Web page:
DR. SEWARD'S DIARY-CONT.
When we arrived at the Berkely Hotel, Van Helsing found a telegram waiting for him.
"Am coming up by train. Jonathan at Whitby. Important news. Mina Harker." The
Professor was delighted. "Ah, that wonderful Madam Mina," he said, "pearl among
women! She arrive, but I cannot stay. She must go to your house, friend John. You
must meet her at the station. Telegraph her en route so that she may be prepared."
When the wire was dispatched he had a cup of tea. Over it he told me of a diary kept
by Jonathan Harker when abroad, and gave me a typewritten copy of it, as also of Mrs.
Harker's diary at Whitby. "Take these," he said, "and study them well. When I have
returned you will be master of all the facts, and we can then better enter on our
inquisition. Keep them safe, for there is in them much of treasure. You will need all your
faith, even you who have had such an experience as that of today. What is here told,"
he laid his hand heavily and gravely on the packet of papers as he spoke, "may be the
beginning of the end to you and me and many another, or it may sound the knell of the
UnDead who walk the earth. Read all, I pray you, with the open mind, and if you can
add in any way to the story here told do so, for it is all important. You have kept a diary
of all these so strange things, is it not so? Yes! Then we shall go through all these
together when we meet." He then made ready for his departure and shortly drove off to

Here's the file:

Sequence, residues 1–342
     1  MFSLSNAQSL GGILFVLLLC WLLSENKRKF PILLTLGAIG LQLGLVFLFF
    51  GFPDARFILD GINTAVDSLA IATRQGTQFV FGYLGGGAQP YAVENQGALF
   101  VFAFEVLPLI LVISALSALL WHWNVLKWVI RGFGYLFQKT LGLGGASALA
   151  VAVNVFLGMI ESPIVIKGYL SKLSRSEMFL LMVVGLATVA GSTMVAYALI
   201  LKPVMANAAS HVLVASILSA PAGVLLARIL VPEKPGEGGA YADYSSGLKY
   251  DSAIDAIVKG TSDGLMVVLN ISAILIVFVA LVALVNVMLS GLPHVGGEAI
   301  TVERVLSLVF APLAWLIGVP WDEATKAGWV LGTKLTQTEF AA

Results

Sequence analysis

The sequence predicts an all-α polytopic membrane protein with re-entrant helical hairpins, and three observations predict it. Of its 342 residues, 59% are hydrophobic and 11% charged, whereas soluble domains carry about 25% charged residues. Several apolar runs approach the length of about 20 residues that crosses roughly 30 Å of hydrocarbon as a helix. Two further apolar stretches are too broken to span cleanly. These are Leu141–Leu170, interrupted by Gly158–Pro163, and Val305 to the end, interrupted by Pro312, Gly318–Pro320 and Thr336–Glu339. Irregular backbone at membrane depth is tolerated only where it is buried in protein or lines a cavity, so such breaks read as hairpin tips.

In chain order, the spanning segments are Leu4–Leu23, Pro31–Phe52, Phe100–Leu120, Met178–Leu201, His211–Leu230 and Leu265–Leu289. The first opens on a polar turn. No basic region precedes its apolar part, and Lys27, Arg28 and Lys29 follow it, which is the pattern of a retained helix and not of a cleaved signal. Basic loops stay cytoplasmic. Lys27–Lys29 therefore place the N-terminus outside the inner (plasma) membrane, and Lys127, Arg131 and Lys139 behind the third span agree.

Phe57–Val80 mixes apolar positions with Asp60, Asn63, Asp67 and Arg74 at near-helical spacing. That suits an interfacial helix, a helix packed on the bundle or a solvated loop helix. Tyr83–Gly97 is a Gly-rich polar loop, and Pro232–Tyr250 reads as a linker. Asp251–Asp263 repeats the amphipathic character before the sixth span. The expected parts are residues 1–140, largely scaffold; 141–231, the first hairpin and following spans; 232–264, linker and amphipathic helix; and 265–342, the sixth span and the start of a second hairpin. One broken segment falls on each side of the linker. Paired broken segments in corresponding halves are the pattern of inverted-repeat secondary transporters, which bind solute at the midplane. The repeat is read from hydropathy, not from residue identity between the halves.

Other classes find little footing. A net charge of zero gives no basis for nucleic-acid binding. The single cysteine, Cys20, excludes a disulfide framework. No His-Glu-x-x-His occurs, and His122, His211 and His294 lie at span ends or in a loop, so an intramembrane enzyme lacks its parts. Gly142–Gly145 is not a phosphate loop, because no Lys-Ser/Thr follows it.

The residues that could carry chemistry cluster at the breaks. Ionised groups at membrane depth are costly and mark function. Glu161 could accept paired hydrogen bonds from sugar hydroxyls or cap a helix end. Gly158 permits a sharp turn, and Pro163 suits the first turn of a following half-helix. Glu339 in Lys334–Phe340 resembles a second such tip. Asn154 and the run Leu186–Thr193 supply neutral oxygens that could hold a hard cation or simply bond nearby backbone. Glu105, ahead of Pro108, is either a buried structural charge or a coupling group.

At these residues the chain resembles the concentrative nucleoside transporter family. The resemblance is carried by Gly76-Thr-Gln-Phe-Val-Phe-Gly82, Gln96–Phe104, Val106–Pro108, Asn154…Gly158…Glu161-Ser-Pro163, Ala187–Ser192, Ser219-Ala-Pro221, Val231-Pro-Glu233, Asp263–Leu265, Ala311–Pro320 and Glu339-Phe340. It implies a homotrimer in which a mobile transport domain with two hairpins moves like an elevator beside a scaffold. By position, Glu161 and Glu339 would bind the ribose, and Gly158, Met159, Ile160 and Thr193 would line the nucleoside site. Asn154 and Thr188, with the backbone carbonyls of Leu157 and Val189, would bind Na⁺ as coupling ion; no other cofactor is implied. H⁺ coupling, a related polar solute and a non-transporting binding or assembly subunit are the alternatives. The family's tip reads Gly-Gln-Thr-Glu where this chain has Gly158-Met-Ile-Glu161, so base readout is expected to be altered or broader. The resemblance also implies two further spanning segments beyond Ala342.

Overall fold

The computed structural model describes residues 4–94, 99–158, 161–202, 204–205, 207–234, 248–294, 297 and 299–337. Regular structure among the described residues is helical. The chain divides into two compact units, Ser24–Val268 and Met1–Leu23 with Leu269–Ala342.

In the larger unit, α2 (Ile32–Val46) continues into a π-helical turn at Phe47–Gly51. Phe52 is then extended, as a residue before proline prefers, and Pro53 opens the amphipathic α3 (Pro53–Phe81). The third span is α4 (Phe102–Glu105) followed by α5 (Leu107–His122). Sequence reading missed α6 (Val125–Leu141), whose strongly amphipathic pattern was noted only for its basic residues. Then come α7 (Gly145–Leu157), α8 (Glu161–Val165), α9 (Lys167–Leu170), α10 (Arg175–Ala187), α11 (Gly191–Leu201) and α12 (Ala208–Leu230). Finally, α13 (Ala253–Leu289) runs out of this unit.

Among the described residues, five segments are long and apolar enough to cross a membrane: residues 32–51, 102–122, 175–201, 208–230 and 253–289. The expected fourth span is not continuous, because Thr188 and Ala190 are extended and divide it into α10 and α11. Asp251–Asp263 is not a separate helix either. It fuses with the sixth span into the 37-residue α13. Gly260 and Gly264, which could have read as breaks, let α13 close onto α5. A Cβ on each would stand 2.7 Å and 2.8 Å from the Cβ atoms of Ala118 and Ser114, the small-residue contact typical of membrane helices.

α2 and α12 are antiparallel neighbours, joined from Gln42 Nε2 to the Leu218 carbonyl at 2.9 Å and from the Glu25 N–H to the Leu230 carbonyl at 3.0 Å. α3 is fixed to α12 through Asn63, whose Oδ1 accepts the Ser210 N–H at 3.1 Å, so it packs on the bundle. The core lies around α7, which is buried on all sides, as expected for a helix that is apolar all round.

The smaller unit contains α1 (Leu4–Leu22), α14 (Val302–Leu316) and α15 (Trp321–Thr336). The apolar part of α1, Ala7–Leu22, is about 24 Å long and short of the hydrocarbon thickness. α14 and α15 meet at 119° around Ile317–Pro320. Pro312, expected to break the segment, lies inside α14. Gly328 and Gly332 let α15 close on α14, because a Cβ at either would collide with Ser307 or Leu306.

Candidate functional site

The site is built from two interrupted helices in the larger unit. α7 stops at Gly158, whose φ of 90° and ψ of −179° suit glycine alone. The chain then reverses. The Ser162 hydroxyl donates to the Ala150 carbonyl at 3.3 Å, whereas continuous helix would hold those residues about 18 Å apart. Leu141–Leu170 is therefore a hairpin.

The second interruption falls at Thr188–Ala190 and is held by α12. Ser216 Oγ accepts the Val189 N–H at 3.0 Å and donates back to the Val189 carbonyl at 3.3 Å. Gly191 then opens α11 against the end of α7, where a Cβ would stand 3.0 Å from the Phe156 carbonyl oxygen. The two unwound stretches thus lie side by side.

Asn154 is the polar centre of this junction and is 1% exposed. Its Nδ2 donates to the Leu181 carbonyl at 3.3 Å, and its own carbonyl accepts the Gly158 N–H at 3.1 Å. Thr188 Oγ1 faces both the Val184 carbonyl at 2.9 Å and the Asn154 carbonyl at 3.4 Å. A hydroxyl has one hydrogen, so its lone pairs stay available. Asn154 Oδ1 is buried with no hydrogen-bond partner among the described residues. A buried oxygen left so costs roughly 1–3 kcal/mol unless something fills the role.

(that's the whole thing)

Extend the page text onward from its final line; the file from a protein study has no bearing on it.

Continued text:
Liverpool Street. I took my way to Paddington, where I arrived about fifteen minutes
before the train came in.
The crowd melted away, after the bustling fashion common to arrival platforms, and I
was beginning to feel uneasy, lest I might miss my guest, when a sweetfaced, dainty
looking girl stepped up to me, and after a quick glance said, "Dr. Seward, is it not?"
"And you are Mrs. Harker!" I answered at once, whereupon she held out her hand.
"I knew you from the description of poor dear Lucy, but. . ." She stopped suddenly, and
a quick blush overspread her face.
The blush that rose to my own cheeks somehow set us both at ease, for it was a tacit
answer to her own. I got her luggage, which included a typewriter, and we took the
Underground to Fenchurch Street, after I had sent a wire to my housekeeper to have a
sitting room and a bedroom prepared at once for Mrs. Harker.
In due time we arrived. She knew, of course, that the place was a lunatic asylum, but I
could see that she was unable to repress a shudder when we entered. She told me that,
if she might, she would come presently to my study, as she had much to say. So here I
am finishing my entry in my phonograph diary whilst I await her. As yet I have not had
the chance of looking at the papers which Van Helsing left with me, though they lie open
before me. I must get her interested in something, so that I may have an opportunity of
reading them. She does not know how precious time is, or what a task we have in hand.
I must be careful not to frighten her. Here she is!